institutional services. This personalized approach
is bolstered by the private sector mantra of “the customer is always right,” even if administrators aren’t
completely comfortable referring to students as such.
Regardless of how community college students
are labeled by leadership, a change in philosophy
is needed for institutions to serve the academically
unprepared and other underserved populations,
“When we give poor customer service, it’s
usually because our bureaucracy breaks down,”
says Terry Murrell, president of Western Iowa Tech
Community College (WITCC) and president-elect of
the Continuous Quality Improvement Network (CQIN).
“The college process was created by four-year
private schools. When community colleges came
along, we borrowed those ideals, even if we were
open enrollment. Most of those processes were
more intent on keeping people out than keeping
them in, so we need to work on another process.”
TAKING A CORPORATE CUE
CQIN assists community colleges with best organizational practices, including how to make faculty
and staff more customer-minded and put students
back at the center of everything a college does.
A people-focused methodology should seem obvious. But fractured front-office support still exists,
with registrars, financial-aid offices and academic
advisors often spread out among different departments. Also, these services’ operating hours likely
aren’t convenient for students who work during the
day and attend class at night. Large case loads for
advisors further exacerbate the issue. Data from the
2011 National Survey of Academic Advising recorded
a ratio of 296 students to one full-time advisor.
WITCC designed its newly enacted strategic
plan directly with the learner in mind. Improving
student completion rates, for example, involved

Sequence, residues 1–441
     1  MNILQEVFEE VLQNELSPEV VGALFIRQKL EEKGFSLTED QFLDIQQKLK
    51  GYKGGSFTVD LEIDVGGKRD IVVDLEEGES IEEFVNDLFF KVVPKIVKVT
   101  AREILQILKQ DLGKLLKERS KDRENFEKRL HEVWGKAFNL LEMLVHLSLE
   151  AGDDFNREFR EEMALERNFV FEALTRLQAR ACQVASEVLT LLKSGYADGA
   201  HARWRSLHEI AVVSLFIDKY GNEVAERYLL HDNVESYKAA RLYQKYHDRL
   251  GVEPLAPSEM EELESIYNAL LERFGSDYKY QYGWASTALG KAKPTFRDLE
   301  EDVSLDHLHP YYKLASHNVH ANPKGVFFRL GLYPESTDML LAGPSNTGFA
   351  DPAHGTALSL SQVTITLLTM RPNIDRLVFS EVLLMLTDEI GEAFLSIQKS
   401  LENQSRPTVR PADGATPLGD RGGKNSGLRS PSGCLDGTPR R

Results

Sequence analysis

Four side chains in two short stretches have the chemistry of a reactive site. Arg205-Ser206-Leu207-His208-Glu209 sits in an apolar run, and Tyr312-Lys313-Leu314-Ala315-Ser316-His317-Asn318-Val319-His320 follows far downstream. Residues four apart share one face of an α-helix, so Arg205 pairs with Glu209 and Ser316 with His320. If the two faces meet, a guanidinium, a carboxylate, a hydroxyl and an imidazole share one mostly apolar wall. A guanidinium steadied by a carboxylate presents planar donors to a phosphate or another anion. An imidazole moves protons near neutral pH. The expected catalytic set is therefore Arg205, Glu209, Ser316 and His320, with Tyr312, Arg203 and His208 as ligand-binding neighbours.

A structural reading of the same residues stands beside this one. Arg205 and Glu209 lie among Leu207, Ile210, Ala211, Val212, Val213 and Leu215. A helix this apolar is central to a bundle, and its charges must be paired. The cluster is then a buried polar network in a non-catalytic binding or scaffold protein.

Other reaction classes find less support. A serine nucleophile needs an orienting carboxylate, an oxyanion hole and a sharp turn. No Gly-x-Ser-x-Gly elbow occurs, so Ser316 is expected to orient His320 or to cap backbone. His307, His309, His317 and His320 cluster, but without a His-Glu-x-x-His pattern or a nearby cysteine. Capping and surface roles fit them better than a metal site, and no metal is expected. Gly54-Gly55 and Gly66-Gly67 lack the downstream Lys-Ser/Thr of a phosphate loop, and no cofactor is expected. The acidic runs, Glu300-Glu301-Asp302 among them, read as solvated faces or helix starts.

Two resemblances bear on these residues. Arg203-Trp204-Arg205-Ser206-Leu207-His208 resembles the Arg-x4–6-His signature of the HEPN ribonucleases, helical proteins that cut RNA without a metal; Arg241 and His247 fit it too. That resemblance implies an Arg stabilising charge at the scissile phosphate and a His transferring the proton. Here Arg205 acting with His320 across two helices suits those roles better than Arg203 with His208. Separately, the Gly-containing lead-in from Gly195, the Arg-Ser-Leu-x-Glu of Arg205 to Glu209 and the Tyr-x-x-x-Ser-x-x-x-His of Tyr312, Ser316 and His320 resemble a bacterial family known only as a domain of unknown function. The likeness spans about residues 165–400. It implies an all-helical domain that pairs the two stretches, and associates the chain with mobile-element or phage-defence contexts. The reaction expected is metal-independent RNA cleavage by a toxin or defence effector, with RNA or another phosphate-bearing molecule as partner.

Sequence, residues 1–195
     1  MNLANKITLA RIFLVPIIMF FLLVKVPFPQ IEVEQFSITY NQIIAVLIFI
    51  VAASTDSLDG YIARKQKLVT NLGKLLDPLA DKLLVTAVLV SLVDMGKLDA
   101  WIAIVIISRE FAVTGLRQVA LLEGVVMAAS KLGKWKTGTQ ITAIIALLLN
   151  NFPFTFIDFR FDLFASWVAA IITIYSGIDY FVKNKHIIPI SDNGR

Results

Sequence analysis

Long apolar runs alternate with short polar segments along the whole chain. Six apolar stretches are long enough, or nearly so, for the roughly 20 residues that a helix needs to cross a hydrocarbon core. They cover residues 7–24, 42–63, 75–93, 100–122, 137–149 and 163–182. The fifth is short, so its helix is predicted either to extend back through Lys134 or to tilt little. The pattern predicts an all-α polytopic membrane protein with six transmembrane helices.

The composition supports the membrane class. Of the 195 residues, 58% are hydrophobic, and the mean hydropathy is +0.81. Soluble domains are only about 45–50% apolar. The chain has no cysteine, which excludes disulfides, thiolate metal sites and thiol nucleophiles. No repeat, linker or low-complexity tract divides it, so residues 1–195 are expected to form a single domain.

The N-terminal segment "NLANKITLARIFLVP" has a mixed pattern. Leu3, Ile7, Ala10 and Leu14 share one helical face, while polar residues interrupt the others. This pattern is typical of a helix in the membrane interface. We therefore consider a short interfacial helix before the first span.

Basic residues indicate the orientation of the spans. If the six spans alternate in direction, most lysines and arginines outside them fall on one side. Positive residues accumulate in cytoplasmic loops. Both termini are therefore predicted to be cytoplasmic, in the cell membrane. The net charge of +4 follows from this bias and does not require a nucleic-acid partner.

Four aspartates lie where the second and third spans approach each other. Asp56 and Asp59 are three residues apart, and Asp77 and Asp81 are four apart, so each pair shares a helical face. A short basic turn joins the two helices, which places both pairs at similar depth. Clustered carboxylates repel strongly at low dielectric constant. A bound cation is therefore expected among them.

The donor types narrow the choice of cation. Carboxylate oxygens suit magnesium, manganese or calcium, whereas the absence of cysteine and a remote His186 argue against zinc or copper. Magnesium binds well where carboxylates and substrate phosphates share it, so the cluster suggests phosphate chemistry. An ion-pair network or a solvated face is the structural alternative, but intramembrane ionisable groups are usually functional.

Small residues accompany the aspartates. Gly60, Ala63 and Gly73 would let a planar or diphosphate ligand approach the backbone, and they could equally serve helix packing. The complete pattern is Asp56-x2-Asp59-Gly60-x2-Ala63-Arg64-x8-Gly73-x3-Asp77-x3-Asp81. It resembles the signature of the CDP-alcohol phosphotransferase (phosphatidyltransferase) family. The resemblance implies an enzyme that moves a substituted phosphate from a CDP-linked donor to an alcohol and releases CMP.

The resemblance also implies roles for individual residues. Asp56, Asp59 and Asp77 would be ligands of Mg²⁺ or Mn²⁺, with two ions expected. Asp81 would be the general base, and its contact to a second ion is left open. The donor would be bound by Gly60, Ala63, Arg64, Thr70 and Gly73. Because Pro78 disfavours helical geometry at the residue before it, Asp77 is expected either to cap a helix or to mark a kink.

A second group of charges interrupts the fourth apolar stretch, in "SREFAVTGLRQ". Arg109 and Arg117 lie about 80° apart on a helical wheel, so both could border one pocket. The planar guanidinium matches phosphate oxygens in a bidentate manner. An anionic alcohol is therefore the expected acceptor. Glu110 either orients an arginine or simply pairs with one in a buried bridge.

faculty thinking of themselves as members of a
team rather than individual departments. WITCC's
integrated method “creates a learner environment
that promotes access, engagement and success,”
according to school marketing materials.
“Students may have special issues they bring to the
table that get lost among departments,” Murrell says.
“To fix that, we have to work together, to be willing to
take each other’s calls, and understand that students
come to us because they want a better life.”
Community colleges, including WITCC, are
taking cues from private businesses in scaling
up their customer service. WITCC administra-
tors harness private-sector lessons from Toyota,
Kimberly-Clark, Disney, the Ritz-Carlton hotel
chain and other established companies.
WITCC administrative staffers hold daily
“stand-up” meetings similar to the Ritz-Carlton
employee lineups designed to anticipate problems,
discuss customer needs, or report activities that represent the company’s overall mission. Put into practice, WITCC staff may keep each other apprised of an
upcoming recruitment visit in order to ensure their
guest receives the utmost care when on campus.
“The meetings are a time to coordinate,” Murrell
“What is it that a student needs from us?...That’s
says. “If there’s a recruitment visit, nobody on staff
is going to be surprised. If a guest comes in through
the wrong door, they will be pointed the right way.”
WI TCC further models its customer service prin-
ciples on Disney theme parks, particularly in campus
improvements that make its facilities welcoming and
accessible. The college’s main campus consists of six
interconnected buildings, including a new Learning
Achievement Center providing drop-in tutoring and
other services. Tutoring is integrated into the space as
a means of removing the stigma some learners feel
when receiving extra academic assistance.
where we’re changing the culture. We focus on
what a student needs at that moment.”
CHERYL ROBERTS, president, Shoreline Community College